Our Realtime Research surveys are displayed to people on webpages (Figure 2A). This type of interaction seems more anonymous than a phone call, and I believe respondents feel much more comfortable voicing their true intentions. Additionally, our surveys are fairly nondescript and completely voluntary, so people see a casual opportunity to voice their opinion, and some of them opt in. This method has proven successful in many of the previous races we’ve predicted (Figure 2B/C). To be clear: I do not claim that our methodology is bias-free — just that it’s less biased than traditional polling.

Examples of Invisibly Realtime Research survey units and their performance.

Figure 2: Survey examples and past political performances. A. Questions are shown to the user on webpages. Prior to the 2020 presidential election, Invisibly surveys predicted several political outcomes, including B. Iowa’s 4th District 2020 Republican primary and C. Texas’s 13th District 2020 Republican primary.————————————————————————————————

Now, traditional pollsters happily let us know that standard practice in the field is absolutely not to allow anyone to respond voluntarily (i.e., a “convenience sample”), but rather to dial random phone numbers. I teach statistics, so I understand that this is an optimal approach… in theory. But outside the ivory tower of well-controlled lab experiments, this method focuses far too much on finding a sample with near-perfect representation and then employing statistical corrections to make the data 100% representative across multiple demographic variables. It ignores the potential value in sampling only those who want to participate. After all, people choose to vote; they are not chosen to vote by the government randomly dialing phone numbers.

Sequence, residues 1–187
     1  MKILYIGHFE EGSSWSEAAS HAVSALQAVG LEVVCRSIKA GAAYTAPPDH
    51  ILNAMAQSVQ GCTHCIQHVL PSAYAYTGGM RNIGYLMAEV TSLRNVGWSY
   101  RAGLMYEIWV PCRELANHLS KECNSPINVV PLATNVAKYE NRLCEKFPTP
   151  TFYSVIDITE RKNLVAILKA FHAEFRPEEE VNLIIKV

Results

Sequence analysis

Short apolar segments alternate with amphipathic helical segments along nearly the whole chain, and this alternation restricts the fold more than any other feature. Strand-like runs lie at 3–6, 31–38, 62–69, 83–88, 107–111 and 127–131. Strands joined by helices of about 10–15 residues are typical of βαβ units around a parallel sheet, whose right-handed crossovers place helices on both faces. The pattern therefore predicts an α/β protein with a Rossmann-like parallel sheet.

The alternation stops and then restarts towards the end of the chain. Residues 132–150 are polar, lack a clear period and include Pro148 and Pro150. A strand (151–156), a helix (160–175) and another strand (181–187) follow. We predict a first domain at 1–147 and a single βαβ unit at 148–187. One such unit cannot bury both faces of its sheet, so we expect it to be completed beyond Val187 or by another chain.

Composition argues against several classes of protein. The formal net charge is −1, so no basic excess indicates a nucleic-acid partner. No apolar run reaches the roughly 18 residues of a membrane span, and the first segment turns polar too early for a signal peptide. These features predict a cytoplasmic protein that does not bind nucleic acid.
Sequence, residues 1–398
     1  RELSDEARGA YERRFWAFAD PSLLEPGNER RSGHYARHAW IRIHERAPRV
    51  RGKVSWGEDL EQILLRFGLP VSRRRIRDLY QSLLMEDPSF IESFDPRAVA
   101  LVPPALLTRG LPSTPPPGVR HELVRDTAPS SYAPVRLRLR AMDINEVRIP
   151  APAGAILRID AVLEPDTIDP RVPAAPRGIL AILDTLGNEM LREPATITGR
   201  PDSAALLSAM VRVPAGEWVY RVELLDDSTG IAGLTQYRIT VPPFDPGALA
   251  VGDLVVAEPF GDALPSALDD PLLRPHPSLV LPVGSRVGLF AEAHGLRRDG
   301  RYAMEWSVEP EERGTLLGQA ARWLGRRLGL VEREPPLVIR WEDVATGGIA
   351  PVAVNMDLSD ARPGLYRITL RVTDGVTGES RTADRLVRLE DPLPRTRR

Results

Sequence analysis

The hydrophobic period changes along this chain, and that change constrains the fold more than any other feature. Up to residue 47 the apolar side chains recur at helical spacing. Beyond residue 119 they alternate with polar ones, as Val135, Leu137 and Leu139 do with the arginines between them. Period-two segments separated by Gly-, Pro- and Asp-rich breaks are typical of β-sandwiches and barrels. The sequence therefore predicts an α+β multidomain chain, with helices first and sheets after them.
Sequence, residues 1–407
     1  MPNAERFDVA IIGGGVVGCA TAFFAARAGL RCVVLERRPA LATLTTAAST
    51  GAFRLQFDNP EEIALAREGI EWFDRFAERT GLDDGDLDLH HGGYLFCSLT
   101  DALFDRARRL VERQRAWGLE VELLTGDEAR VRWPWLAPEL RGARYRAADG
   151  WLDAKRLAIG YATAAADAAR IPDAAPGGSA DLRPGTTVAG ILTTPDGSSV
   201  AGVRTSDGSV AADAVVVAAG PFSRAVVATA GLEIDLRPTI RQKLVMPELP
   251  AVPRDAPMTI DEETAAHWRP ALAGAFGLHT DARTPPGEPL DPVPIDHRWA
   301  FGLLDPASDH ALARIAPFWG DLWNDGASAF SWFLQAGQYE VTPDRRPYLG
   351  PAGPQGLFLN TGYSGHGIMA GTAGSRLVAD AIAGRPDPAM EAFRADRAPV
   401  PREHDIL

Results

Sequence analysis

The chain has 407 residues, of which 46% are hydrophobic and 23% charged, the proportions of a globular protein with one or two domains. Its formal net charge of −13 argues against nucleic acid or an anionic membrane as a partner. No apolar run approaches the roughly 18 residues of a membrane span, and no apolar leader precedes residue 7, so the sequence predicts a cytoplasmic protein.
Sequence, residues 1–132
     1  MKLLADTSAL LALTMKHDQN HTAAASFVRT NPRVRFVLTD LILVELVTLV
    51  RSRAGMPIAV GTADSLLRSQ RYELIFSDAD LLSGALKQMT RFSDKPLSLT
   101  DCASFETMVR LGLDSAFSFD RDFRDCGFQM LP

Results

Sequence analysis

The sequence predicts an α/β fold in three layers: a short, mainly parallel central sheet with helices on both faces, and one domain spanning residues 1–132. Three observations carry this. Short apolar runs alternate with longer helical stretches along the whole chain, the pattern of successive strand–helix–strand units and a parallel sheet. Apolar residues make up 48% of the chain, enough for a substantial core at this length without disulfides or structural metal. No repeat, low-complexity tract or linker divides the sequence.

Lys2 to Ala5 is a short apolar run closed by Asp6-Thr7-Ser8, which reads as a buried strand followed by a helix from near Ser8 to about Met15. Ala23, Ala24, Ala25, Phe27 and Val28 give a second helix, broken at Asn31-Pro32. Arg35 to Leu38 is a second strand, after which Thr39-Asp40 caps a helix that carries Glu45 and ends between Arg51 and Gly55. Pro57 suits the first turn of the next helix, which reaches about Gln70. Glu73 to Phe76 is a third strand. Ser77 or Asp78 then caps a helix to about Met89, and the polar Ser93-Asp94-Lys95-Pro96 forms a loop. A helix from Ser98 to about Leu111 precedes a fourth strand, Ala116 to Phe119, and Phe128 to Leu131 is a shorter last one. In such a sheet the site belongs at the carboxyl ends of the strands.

Our technology also increases precision by collecting larger samples — often at least an order of magnitude larger than traditional phone polling methods. I don’t doubt that this focus on scale, rather than the purity of the representative sample, also underlies our success. I’ll trust 35,000 interested and willing respondents over 800 robocalls any day.

While the biased polling phenomenon has the most obvious effects on political campaign strategies, it has secondary effects on the rest of us. The media displays long lists of polls, almost all biased in the same direction, and this exposure divorces our expectations from reality. When CNN consistently showed Biden up in the months preceding the election — by as much as 16 points — we are all shocked on election night when the race is actually very close. This discrepancy can undermine our trust in the results and may even affect the election’s outcome if enough people mistakenly believe that their vote isn’t “needed” because their candidate is so far ahead. More succinctly: bad polling is bad for democracy.

Dr. Don Vaughn, Ph.D.
Head of Product

*Results as of November 8, 2020; electoral vote count assumes North Carolina goes to Trump and Georgia to Biden.

[1] “Majorities of Democrats (52%), independents (59%) and Republicans (77%) all agree they have political opinions they are afraid to share.” https://www.cato.org/publications/survey-reports/poll-62-americans-say-they-have-political-views-theyre-afraid-share#liberals-are-divided-political-expression

[2] “Nearly two-thirds of Republicans and Republican-leaning independents (64%) think that ‘Democrats in this country are very comfortable to freely and openly express their political views,’ but only about a quarter (26%) think Republicans around the nation experience that same level of comfort.” https://www.pewresearch.org/fact-tank/2019/06/24/republicans-see-a-national-political-climate-comfortable-for-democrats-but-less-so-for-gop/